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Saint Sebastian after the model by Guido Reni - Rome 17th century
Saint Sebastian after the model by Guido Reni - Rome 17th century - Religious Antiques Style Renaissance Saint Sebastian after the model by Guido Reni - Rome 17th century -
Ref : 111277
6 500 €
Period :
17th century
Provenance :
Medium :
Dimensions :
l. 7.09 inch X H. 10.94 inch
Religious Antiques  - Saint Sebastian after the model by Guido Reni - Rome 17th century
Dei Bardi Art

Sculptures and works of art from the Middle Ages and the Renaissance

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Saint Sebastian after the model by Guido Reni - Rome 17th century

Large Cast and Chiseled Bronze Plaque
Saint Sebastian after the model by Guido Reni (Capitoline Museum)
Rome, 17th century
27,8 x 18 cm

Large rectangular bronze plaque depicting the martyrdom of Saint Sebastian within a quadrilobe frame. The background of the plaque is adorned with relief flowers, garlands, and torches in the ancient style.
Inspired by the famous martyrdom of Saint Sebastian by Guido Reni, preserved in the Capitoline Museum in Rome, the nimbed saint appears with his wrists tied above his head to a tree trunk, covered with drapery around his loins; his face slightly tilted towards his shoulder, eyes to the sky.
The shots have begun and his young flesh is pierced by three arrows: one on the left, on his right side, at the level of the ribs, one below the left armpit, piercing his lung; an additional arrow pierces the abdomen of the Saint, just below the navel (as in the Capitoline version).
The ambiguous attitude of the martyr is confusing. Pierced by arrows, he does not seem to be in a state of suffering. With his mouth slightly open and his gaze turned towards the sky, he seems to almost betray a moment of pure ecstasy.
Guido Reni painted the Saint as a martyr seven times.
As in our plaque, the Saint Sebastian of Genoa (and the one almost identical with a few details from the Capitoline Museum) presents a tight framing at the level of the torso of the youth, who has his hands tied above his head, which forces the saint into some contortions of the spine: the thorax is then projected forward, and the back shows a delicate curvature. The extension of his body highlights, under a smooth modeling, the muscles of the arms and torso as well as the ribs. The perizonium seems to slide along the hips, ready to unravel or fall to the ground.
A religious subject, it takes on secular dimensions. Nudity, with its dual dimension of eroticism and Beauty, reinvigorates the gaze.
Perpetuating the cult of beauty and grace despite the violence of the subject, the scene, devoid of vulgarity, is imbued with poetry and gentleness. The elegant figure of the Saint with pure lines conforms to a classical ideal canon (almost childlike face, curly hair, displayed sensuality).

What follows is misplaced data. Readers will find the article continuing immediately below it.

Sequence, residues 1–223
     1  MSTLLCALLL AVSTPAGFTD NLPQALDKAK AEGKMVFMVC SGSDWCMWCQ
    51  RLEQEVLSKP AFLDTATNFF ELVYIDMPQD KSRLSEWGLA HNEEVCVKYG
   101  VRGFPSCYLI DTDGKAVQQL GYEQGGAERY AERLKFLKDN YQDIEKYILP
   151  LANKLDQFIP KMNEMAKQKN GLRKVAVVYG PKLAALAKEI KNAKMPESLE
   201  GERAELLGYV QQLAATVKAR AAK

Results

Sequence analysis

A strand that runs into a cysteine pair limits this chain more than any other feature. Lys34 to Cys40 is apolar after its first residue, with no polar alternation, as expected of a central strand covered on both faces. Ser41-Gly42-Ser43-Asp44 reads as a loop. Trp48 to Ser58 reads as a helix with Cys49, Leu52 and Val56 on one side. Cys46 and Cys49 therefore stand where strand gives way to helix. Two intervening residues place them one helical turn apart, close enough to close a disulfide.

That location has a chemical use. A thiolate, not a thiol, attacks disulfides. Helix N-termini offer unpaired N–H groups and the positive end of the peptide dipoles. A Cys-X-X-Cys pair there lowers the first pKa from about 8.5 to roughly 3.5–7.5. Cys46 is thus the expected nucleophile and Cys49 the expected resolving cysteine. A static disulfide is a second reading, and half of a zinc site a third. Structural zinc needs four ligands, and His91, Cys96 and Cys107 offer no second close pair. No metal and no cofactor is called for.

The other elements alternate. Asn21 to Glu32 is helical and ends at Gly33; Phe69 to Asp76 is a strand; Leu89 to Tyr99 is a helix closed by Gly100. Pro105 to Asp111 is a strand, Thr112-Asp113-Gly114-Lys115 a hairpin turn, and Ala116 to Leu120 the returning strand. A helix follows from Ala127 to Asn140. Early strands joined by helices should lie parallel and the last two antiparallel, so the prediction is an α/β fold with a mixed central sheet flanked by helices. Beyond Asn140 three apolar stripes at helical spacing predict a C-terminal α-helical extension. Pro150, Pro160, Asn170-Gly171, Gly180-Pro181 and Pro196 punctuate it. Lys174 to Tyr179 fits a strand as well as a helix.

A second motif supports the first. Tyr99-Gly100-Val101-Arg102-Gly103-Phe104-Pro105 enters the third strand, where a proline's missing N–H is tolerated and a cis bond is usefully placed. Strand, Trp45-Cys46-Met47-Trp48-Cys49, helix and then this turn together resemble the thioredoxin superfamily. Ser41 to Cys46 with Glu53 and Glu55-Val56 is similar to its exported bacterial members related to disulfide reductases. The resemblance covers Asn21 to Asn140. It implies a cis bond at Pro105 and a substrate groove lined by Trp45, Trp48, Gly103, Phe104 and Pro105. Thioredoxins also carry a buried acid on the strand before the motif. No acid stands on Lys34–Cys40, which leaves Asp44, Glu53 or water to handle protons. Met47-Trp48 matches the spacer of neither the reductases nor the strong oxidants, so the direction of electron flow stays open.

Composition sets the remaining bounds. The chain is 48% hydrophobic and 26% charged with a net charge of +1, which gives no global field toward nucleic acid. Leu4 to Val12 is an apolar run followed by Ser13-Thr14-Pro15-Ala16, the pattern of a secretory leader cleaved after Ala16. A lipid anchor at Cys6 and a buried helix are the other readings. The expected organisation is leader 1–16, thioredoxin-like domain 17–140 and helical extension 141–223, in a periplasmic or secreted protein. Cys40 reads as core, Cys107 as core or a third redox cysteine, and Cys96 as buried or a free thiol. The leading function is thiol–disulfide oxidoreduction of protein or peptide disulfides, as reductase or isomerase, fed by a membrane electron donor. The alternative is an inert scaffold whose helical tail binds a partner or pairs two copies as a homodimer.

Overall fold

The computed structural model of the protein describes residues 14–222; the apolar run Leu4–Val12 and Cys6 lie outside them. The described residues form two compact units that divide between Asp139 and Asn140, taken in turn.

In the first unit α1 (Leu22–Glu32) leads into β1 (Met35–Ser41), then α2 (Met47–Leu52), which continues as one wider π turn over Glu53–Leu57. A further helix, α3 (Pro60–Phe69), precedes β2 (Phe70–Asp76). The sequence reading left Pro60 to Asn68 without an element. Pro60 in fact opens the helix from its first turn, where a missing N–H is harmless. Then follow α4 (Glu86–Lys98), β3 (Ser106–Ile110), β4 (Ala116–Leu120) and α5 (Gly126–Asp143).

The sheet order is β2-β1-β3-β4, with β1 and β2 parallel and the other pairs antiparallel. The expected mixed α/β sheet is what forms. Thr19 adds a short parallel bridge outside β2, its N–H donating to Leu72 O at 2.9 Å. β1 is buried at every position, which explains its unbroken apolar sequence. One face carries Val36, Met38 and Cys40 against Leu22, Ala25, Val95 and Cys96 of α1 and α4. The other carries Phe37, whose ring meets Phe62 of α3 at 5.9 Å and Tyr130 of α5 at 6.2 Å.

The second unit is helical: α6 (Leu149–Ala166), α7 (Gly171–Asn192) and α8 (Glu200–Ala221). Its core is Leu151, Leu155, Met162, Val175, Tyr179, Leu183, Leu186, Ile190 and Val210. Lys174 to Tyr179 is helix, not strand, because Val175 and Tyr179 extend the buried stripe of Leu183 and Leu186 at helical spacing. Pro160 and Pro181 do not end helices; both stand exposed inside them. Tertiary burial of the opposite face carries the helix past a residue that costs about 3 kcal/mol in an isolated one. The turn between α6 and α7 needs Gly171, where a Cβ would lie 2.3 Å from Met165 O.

Enlisted in Rome at the end of the 3rd century, Sebastian, captain of the Praetorian Guard of Emperor Diocletian, protected persecuted Christians. He was then tied to a pole and pierced with arrows from which he miraculously recovered. He returned to the imperial palace and reproached Diocletian for his attitude towards Christians. He was then beaten with rods and his body was thrown into the sewers so as not to be venerated by Christians. The account of his martyrdom made him one of the patron saints of the early Christian churches. He is also considered the patron saint of soldiers in general but is primarily the saint protector against the plague and more broadly the protector against epidemics.
Plaques were among the objects often found in the environment of the studiolo and the cabinet of curiosities, alongside other small forms such as classical coins and engraved gems. The artists who created them were generally bronze sculptors, also creating small figurines and objects such as inkwells, or goldsmiths, who often worked in the related field of engraving. They were relatively inexpensive and portable, and quickly spread widely in Europe, offering artists the opportunity to showcase their virtuosity and sophistication, and to promote themselves beyond their own city.
Plaques, like prints, played an important role in the dissemination of styles and trends in iconography, especially for classical subjects. Some drawings for plaque models have survived; others copied prints, book illustrations, and designs in other media, including engraved gems and classical sculptures.

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